Drone, Software Firm Alliance Takes on Large Construction Jobs
A Doosan Group division has joined with automated analytics provider AI Clearing to provide detailed jobsite data for large-scale construction projects.
The partnership takes advantage of Doosan Mobility Innovation’s hydrogen-powered drones, reportedly the first-of-its-kind. Capable of staying airborne for more than 2 hours, the drones alleviate the need for multiple batteries and launch points required by lithium-ion polymer drones and stay airborne four times longer, says AI Clearing. And when power does get low, the hydrogen tanks can be quickly replaced, allowing the drones to be running again in three minutes.
Not only are the DMI drones capable of being in the air longer, they can also carry more payload, says Taco Engelaar, chief commercial officer, AI Clearing. “There’s a huge synergy with their drone hardware and our software,” he says.
For its part, AI Clearing says its artificial intelligence-powered system leverages automation in comparing drone images with schedules and designs, providing teams with full visibility into the work that’s been completed and spot any discrepancies to design.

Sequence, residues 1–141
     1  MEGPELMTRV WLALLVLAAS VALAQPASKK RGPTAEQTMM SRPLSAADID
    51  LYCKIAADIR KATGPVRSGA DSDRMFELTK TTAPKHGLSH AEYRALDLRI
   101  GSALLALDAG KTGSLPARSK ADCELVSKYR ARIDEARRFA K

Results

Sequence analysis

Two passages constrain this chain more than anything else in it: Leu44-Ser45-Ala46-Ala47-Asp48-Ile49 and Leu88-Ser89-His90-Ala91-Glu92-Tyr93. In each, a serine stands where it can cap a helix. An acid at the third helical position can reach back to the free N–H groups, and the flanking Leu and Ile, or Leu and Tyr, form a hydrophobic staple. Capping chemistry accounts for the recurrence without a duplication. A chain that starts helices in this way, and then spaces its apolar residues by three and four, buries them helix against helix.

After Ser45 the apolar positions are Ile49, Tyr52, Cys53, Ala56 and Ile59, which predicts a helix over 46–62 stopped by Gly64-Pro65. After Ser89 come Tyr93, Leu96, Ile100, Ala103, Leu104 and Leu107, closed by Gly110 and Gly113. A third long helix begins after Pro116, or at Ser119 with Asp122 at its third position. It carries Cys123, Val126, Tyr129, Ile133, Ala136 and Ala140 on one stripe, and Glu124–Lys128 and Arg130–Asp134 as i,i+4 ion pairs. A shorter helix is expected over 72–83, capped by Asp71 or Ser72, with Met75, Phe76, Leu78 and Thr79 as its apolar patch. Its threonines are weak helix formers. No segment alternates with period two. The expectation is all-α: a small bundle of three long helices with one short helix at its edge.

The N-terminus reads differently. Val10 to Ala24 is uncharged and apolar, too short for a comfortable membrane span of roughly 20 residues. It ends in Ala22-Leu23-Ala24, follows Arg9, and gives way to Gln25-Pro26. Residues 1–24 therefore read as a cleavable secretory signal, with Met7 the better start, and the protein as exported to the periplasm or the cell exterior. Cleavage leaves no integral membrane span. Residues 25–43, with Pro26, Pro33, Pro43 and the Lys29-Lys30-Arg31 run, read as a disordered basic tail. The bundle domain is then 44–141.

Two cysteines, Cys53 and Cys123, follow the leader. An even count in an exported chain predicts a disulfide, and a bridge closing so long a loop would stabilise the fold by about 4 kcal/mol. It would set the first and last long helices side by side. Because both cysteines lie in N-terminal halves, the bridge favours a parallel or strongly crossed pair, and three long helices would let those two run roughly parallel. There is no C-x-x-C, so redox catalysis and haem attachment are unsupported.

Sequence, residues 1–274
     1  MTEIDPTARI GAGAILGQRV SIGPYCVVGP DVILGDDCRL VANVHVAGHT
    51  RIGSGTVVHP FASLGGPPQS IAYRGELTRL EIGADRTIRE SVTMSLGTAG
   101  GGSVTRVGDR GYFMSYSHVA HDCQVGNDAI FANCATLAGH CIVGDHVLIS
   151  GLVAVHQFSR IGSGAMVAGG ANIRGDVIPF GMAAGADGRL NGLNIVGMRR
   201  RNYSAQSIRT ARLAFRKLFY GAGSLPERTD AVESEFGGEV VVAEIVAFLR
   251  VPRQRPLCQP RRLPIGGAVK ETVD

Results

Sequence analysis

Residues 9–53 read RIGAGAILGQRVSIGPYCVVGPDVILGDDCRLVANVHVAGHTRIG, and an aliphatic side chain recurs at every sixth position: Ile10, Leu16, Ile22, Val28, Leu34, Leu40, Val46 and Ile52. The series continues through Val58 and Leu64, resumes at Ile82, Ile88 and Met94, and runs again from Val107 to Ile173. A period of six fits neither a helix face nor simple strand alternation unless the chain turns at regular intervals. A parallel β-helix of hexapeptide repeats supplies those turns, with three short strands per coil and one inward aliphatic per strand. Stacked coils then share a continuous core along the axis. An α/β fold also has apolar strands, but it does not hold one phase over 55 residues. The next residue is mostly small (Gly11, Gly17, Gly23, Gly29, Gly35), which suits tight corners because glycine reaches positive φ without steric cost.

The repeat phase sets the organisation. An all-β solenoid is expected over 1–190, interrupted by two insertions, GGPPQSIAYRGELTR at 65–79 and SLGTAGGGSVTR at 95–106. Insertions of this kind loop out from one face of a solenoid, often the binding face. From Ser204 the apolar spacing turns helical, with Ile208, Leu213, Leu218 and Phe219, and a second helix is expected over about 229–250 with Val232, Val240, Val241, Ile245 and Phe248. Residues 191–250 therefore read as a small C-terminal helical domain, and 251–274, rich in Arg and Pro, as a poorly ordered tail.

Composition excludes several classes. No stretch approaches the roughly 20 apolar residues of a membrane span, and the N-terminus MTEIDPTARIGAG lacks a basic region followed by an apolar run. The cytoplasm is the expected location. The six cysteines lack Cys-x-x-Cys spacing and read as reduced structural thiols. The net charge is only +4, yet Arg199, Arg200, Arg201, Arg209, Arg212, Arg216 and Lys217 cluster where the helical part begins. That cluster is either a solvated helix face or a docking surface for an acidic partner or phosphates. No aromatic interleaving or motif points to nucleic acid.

While drones are commonplace on jobsites, contractors are not getting much value from the data obtained by them, Engelaar says. “The digital surface models don’t really mean much,” he says. AI Clearing’s software uses what he calls a fully automated progress tracking solution that analyzes the drone data along with project design data.
The partnership is targeting large construction projects with this joint effort, including roads, bridges, high-speed rail, solar farm and port construction.
Companies are “increasingly demanding longer flight time,” says Doo Soon Lee, CEO, Doosan Mobility Innovation. “This is the case for sites difficult to access in one flight, sites where efficiency is significantly reduced with battery drones due to large scale, or when you want to perform multiple missions using long flight time.”
Joint AI Clearing/DMI future projects could involve near real-time reporting as the drone flies over a site, something that now takes about a day because of the data processing and analytics involved. “We’re looking at ways to actually install our solution directly onto the drone and then directly transmit our progress analytics in real time,” Engelaar says, taking advantage of the drone’s heavier payload capabilities.
The joint effort will also focus on R&D with an aim to enable edge computing for construction progress that was previously impossible due to limitations in computing power and the distance capabilities of most drones, AI Clearing says.
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